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You Live and Lead in a World of Stories

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Tue Jul 23 2013

You Live and Lead in a World of Stories
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“If you are a leader, you are the narrator.” That’s something I frequently tell my clients, and it is true for you as well.

Think about the movies you’ve seen with a narrator. You know what the narrator’s job is, right? The narrator is that disembodied voice who comments on the action and tells us, the audience, how to interpret and make sense of what we are seeing on screen. 

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You know: “And after that magical summer, nothing was ever the same again…”

One of my favorite narrator moments comes in the cult movie “The Big Lebowski.” At one point during the movie’s many bizarre twists and turns, the narrator just gives up. “I’ve lost my train of thought here,” he says. It’s a hilarious moment in the movie, but in reality, a narrator who can’t draw meaning from the narrative isn’t much use to us.

The people in your team, your function, and your organization are living a story. It’s a dramatic journey of heroes, and it is unfolding right now. As a leader, you are the narrator, and your role is to comment on the story and help people make sense of it.

Step back for a moment and consider what kind of story are you and your colleagues living right now? Are you inhabiting a narrative of heroes against impossible odds, like Luke Skywalker approaching the Death Star for one last battle? Do you find yourselves in a quiet, content place where you resist a call to a bigger, more risky adventure, like Bilbo Baggins at home in his Hobbit hole in Bag End? Or, perhaps your team is in the cave, facing your darkest moment and your greatest trial—and not yet believing you have the inner resources to move forward.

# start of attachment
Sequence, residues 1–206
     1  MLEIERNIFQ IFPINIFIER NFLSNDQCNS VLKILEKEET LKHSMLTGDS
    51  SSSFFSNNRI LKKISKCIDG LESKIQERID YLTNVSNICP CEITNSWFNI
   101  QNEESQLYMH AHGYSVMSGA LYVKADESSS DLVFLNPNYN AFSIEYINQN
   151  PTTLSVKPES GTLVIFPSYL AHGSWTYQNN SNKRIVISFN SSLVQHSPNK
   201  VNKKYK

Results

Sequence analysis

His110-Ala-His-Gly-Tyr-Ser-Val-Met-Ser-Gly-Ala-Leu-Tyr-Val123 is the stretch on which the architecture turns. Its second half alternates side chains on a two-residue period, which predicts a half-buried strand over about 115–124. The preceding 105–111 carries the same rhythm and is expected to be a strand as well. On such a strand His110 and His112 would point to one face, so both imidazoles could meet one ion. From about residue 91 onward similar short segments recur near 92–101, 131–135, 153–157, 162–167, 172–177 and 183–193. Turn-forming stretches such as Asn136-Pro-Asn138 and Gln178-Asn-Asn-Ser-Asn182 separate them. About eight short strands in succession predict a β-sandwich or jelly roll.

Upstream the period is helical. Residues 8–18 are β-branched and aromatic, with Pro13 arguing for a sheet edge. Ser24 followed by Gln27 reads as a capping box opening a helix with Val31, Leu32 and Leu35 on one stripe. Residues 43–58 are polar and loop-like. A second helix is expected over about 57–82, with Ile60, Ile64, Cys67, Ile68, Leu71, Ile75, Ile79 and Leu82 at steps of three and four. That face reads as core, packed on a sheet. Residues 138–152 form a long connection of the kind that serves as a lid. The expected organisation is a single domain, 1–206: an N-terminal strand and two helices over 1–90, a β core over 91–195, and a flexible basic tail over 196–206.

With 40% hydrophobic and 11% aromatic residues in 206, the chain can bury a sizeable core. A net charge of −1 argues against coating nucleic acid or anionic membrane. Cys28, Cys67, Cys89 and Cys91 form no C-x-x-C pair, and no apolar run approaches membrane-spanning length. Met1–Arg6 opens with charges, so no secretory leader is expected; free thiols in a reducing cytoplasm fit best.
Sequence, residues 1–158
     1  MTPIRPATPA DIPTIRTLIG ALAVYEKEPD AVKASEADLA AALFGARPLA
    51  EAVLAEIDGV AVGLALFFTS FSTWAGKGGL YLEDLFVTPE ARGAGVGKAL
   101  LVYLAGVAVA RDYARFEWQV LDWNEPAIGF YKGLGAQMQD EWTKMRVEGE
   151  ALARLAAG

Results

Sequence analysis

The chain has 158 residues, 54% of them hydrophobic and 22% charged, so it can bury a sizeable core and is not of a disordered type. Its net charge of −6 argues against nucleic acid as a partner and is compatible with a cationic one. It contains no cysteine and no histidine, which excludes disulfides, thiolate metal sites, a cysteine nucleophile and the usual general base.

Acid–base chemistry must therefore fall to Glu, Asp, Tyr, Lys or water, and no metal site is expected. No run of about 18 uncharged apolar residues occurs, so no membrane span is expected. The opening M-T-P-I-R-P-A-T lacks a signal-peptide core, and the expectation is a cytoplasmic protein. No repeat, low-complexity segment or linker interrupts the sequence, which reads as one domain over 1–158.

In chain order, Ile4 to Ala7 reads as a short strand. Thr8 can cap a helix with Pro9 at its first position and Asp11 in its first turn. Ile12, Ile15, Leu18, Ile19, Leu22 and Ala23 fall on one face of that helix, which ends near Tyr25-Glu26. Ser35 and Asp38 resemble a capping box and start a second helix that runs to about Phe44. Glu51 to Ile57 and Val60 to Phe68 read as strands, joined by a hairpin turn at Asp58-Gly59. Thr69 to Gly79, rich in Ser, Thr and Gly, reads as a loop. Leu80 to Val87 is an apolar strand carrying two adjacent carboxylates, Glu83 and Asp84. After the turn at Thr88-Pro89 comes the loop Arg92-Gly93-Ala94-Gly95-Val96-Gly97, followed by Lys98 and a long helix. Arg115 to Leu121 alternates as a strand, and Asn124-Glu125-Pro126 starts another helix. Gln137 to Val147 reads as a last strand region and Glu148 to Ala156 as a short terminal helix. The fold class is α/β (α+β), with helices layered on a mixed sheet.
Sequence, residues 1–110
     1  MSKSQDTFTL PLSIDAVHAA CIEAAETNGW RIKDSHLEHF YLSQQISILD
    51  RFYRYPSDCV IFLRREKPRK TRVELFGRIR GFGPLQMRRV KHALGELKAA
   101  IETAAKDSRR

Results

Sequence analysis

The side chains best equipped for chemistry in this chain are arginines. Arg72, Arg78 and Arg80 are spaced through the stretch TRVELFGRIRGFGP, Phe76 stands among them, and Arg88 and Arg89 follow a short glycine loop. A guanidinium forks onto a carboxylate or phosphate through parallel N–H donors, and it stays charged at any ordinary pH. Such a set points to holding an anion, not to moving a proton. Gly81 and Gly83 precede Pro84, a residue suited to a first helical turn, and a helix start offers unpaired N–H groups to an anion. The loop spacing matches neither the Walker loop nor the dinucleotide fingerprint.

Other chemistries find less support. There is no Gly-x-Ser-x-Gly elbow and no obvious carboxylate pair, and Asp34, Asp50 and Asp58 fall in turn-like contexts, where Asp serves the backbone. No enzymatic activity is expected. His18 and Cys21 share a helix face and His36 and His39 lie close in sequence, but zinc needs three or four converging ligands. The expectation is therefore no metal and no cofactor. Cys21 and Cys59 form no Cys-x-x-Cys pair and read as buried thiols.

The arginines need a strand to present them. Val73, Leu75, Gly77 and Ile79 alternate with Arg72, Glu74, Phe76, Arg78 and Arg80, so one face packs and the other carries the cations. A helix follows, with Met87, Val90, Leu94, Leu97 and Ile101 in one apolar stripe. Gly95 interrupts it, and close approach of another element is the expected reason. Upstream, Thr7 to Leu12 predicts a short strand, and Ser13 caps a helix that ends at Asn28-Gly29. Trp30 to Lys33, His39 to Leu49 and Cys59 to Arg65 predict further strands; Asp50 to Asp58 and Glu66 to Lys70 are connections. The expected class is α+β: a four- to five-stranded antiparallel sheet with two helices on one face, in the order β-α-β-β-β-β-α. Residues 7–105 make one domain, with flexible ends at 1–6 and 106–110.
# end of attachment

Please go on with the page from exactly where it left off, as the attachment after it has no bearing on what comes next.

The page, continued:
Wherever you are, you and your people inhabit a dramatic story. And sometimes the greatest gift you can give to your team—in moments of defeat or triumph—is to remind them that we are the heroes of or own journey. And the story isn’t over yet.

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In this series of blogs, we are going to explore the idea that storytelling is one of your core competencies as a leader. We’ll discuss ways you can foster and exercise your own natural capacity for thinking in narrative. 

And we will look at many applications of the fast-growing body of knowledge that is organizational narrative, and consider how it can be exercised for the purposes of

  • increasing engagement

  • building brand

  • archiving knowledge

  • speeding the change process

  • maintaining and evolving culture

  • bringing the organizational identity vividly to life.

Most of all, we will explore your role as chief meaning maker of your organization’s story. Next week we’ll pick up where we left off.

This is a fun topic... and it is one where you already have enormous capability! I hope you’ll share your ideas and questions. I hope you’ll join me for our next blog conversation together.   And most importantly, I hope you’ll start noticing the many opportunities around you to start telling purposeful, strategic organizational stories.

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